Eliciting Maternal Expectations About the Technology of Cognitive Skill Formation

74 Pages Posted: 21 Jun 2013

See all articles by Flavio Cunha

Flavio Cunha

University of Pennsylvania - Department of Economics

Irma T. Elo

University of Pennsylvania

Jennifer Culhane

University of Pennsylvania, Perelman School of Medicine, Children's Hospital of Philadelphia

Date Written: June 2013

Abstract

In this paper, we formulate a model of early childhood development in which mothers have subjective expectations about the technology of skill formation. The model is useful for understanding how maternal knowledge about child development affects the maternal choices of investments in the human capital of children. Unfortunately, the model is not identified from data that are usually available to econometricians. To solve this problem, we conduct a study where mothers were interviewed to elicit maternal expectations about the technology of skill formation. We interviewed a sample of socioeconomically disadvantaged Africanā€American women. We find that the median subjective expectation about the elasticity of child development with respect to investments is between 4% and 19%. In comparison, when we estimate the technology of skill formation from the CNLSY/79 data, we find that the elasticity is between 18% and 26%. We use the model and our unique data to answer a simple but important question: What would happen to investments and child development if we implemented a policy that moved expectations from the median to the objective estimates that we obtain from the CNLSY/79 data? According to our estimates, maternal investments would go up by between 4% and 24% and the stocks of cognitive skills at age 24 months would subsequently increase between 1% and 5%. Needless to say, the impacts of such a policy would be even higher for mothers whose expectations were below the median.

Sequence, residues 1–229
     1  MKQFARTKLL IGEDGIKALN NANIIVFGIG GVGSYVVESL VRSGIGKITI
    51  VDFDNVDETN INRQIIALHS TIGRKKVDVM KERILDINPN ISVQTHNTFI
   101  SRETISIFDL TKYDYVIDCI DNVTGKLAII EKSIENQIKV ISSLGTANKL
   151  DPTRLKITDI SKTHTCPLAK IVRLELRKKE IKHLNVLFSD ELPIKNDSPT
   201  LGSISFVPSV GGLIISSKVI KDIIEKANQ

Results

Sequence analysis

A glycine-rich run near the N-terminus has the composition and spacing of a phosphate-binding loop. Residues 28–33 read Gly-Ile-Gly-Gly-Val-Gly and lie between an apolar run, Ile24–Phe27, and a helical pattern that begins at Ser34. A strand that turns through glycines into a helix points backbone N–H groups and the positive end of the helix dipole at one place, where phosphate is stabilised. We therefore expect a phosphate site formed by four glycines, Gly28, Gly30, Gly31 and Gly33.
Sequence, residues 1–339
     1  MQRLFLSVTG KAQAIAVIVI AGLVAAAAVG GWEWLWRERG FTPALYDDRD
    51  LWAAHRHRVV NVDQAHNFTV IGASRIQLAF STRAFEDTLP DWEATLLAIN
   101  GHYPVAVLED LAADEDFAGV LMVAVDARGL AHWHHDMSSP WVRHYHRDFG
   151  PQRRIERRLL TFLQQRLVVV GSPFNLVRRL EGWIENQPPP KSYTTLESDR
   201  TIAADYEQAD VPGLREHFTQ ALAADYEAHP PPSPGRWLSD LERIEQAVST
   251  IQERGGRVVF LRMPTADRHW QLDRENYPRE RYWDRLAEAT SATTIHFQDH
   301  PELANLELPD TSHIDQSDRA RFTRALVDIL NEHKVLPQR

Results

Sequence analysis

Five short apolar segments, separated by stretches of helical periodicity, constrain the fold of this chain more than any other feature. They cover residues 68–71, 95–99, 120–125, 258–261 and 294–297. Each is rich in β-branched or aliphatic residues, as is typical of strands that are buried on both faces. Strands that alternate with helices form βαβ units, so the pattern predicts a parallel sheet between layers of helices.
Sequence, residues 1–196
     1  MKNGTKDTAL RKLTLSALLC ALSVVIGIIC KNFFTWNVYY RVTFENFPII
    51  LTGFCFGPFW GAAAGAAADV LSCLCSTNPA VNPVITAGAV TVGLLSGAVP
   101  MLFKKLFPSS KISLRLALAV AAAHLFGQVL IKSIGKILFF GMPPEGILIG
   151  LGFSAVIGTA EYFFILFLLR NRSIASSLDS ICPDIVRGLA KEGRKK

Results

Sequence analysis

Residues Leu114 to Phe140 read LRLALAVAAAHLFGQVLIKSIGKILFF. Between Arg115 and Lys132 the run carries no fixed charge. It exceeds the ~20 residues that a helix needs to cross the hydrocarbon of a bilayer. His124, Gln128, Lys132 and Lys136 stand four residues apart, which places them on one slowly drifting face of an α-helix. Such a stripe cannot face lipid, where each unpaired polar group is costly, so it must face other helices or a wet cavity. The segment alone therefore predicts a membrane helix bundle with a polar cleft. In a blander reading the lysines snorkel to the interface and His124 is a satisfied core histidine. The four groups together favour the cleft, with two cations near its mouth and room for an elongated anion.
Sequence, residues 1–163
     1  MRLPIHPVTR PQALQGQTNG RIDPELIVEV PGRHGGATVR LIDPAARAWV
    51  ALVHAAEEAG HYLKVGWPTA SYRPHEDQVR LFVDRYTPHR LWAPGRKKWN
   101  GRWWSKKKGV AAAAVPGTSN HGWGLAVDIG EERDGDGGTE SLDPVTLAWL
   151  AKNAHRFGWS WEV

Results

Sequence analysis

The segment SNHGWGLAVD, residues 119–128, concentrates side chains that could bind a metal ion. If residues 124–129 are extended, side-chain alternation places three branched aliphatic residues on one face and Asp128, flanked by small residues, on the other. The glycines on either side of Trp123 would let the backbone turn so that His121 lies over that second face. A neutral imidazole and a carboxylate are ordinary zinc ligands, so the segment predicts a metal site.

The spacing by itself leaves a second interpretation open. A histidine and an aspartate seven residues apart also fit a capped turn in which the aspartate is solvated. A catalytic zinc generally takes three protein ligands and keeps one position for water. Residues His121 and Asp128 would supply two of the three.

Suggested Citation

Cunha, Flavio and Elo, Irma T. and Culhane, Jennifer, Eliciting Maternal Expectations About the Technology of Cognitive Skill Formation (June 2013). NBER Working Paper No. w19144. Available at SSRN: https://ssrn.com/abstract=2282984

Flavio Cunha (Contact Author)

University of Pennsylvania - Department of Economics ( email )

3718 Locust Walk
Room 527
Philadelphia, PA 19104
United States
215-898-5652 (Phone)

Irma T. Elo

University of Pennsylvania ( email )

Philadelphia, PA 19104
United States

Jennifer Culhane

University of Pennsylvania, Perelman School of Medicine, Children's Hospital of Philadelphia ( email )

No Address Available

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